The Possibility of Discussion: Relativism, Truth and Criticism of Religious Beliefs (Ashgate New Critical Thinking in Philosophy)

The Possibility of Discussion: Relativism, Truth and Criticism of Religious Beliefs (Ashgate New Critical Thinking in Philosophy)

Hugo Strandberg

Language: English

Pages: 208

ISBN: 1138259306

Format: PDF / Kindle (mobi) / ePub

Answering the question 'How is fruitful discussion possible?', this book addresses the central philosophical issue of how reason shall be understood and how it is limited. This study argues that the understanding of discussion according to which it necessarily starts from putative universal norms and rules for argumentation is problematic, among other reasons since such rules are unfruitful in contexts where there are vast disagreements such as religion. Inspired by Wittgensteinian ideas, Strandberg develops instead a new way of understanding discussion, truth and rationality which escapes these problems, and shows how this solution can be used to answer the accusation against Wittgensteinian philosophy for being conservative and resulting in fideism.











es falsch, daß sie ein Orakel befragen und sich nach ihm richten? – Wenn wir dies “falsch” nennen, gehen wir nicht schon von unserm Sprachspiel aus und bekämpfen das ihre? / Und haben wir recht oder unrecht darin, daß wir’s bekämpfen? Man wird freilich unser Vorgehen mit allerlei Schlagworten (slogans) aufstützen. / Wo sich wirklich zwei Prinzipe treffen, die sich nicht mit einander aussöhnen, da erklärt jeder den Andern für einen Narren und Ketzer. / Ich sagte, ich würde den Andern “bekämpfen”,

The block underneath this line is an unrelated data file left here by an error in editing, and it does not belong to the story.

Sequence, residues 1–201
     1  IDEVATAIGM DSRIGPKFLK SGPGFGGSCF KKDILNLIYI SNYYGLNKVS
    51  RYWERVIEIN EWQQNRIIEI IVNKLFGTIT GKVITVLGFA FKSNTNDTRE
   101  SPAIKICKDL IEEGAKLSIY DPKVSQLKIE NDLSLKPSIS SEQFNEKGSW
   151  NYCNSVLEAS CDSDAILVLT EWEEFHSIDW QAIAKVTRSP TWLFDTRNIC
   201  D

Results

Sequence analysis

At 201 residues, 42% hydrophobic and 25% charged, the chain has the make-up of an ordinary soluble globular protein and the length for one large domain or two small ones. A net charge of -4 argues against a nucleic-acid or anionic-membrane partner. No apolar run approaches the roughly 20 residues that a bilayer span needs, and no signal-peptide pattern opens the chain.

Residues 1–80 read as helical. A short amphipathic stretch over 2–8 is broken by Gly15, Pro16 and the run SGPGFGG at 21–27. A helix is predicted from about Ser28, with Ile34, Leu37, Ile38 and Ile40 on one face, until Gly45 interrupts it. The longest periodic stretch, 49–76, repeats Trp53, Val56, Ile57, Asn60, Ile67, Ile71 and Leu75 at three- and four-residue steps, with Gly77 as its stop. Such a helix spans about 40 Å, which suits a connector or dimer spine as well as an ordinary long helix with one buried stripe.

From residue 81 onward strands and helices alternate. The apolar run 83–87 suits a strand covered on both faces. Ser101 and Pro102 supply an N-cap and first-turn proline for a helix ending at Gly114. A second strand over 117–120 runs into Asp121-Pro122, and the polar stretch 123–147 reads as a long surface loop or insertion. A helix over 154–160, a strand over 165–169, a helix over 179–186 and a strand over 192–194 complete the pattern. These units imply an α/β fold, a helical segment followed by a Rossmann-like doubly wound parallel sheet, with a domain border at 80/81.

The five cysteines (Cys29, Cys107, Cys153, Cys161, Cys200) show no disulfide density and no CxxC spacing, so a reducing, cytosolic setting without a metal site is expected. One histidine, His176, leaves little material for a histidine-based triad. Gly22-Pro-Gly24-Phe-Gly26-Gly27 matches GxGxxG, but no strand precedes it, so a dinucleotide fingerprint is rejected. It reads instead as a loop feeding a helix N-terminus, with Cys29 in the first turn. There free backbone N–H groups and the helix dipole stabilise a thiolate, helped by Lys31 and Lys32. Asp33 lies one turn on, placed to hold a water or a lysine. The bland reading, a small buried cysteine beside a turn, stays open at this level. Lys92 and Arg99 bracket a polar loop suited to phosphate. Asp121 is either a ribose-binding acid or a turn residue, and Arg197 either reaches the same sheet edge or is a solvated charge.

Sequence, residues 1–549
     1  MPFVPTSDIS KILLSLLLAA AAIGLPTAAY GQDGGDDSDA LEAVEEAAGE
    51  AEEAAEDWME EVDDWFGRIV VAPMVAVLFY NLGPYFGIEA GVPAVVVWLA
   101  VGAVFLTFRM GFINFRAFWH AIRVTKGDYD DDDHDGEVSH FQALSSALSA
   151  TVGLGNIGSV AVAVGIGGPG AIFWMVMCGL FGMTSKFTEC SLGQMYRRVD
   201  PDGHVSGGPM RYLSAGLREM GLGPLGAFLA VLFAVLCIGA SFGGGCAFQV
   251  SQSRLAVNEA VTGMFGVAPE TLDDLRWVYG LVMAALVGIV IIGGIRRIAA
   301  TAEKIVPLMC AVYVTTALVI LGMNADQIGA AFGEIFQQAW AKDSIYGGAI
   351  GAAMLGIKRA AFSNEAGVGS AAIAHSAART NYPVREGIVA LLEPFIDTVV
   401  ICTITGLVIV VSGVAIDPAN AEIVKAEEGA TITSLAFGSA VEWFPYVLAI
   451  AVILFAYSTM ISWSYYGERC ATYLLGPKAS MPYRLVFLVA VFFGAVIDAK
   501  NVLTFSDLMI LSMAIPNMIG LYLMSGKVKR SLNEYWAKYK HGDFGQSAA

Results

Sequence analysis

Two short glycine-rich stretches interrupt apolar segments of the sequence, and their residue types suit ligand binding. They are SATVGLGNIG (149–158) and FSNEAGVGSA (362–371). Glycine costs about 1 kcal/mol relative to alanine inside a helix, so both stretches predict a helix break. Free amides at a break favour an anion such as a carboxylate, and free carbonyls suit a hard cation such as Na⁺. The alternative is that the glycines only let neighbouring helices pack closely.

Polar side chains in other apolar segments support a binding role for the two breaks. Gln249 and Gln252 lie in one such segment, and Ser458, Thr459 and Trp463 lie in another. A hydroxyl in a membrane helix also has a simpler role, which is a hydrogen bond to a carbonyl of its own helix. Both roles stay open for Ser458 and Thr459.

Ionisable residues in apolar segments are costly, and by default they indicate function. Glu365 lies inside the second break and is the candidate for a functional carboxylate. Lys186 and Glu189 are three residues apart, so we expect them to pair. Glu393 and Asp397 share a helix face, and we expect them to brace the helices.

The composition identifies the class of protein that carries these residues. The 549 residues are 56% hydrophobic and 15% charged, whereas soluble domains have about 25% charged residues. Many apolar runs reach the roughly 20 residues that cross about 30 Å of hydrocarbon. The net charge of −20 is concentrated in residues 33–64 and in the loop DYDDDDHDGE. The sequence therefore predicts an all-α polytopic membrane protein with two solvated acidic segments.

self-evident that it is possible that we never formulate them for ourselves. However, if we attribute the belief that a cloud is passing before the sun to someone, our interpretation, irrespective of whether we think that the belief is true or false, must rely on some set of such beliefs even if neither we nor the speaker ever formulate these beliefs. Of course, this set of beliefs need not include such scientific beliefs as Davidson mentions in this example. The third example is this: Each time a

words mean in a way which makes it possible for you to distinguish between cases when you go on as before, and cases when you do not go on as before. 58 Davidson, Inquiries into Truth and Interpretation, p. 185. 59 Ibid., p. 198. The Objectivity of Truth 105 Davidson on the Objectivity of Truth The distinction between right and wrong, true and false, has appeared repeatedly in our discussion of Davidson. The basic importance of this distinction is that without appreciating it, we cannot be

characterization of truth.99 Davidson’s objection to definitions of truth is rather an objection to attempts to explain truth by trying to find something which truth is the same as and which is clearer and easier to understand, and the problem with such attempts is that truth already is as clear a concept as could be:100 97 Davidson, Subjective, Intersubjective, Objective, p. 139. 98 Davidson, Truth, Language, and History, p. 21. See Aristotle, Metaphysics: Books Γ, Δ and Ε, trans. Christopher

distinguishes between object-language and meta-language when it comes to the definition and use of the concept of truth, which means that the concept of truth cannot be defined in general; Tarski, ‘The Semantic Conception of Truth and the Foundations of Semantics’: 348–51. One way to counter what Tarski is saying is to say that ‘true’ is not a semantic concept, by referring to how ‘true’ is usually used (see Peter F. Strawson, ‘Truth’, Analysis, 9 (1949): 85), but in that case there is no need for

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